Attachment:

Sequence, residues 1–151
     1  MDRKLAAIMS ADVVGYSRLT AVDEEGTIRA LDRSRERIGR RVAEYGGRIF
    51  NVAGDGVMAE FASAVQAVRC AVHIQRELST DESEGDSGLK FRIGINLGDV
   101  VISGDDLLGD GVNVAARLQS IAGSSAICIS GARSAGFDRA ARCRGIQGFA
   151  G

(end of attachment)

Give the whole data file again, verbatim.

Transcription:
Sequence, residues 1–151
     1  MDRKLAAIMS ADVVGYSRLT AVDEEGTIRA LDRSRERIGR RVAEYGGRIF
    51  NVAGDGVMAE FASAVQAVRC AVHIQRELST DESEGDSGLK FRIGINLGDV
   101  VISGDDLLGD GVNVAARLQS IAGSSAICIS GARSAGFDRA ARCRGIQGFA
   151  G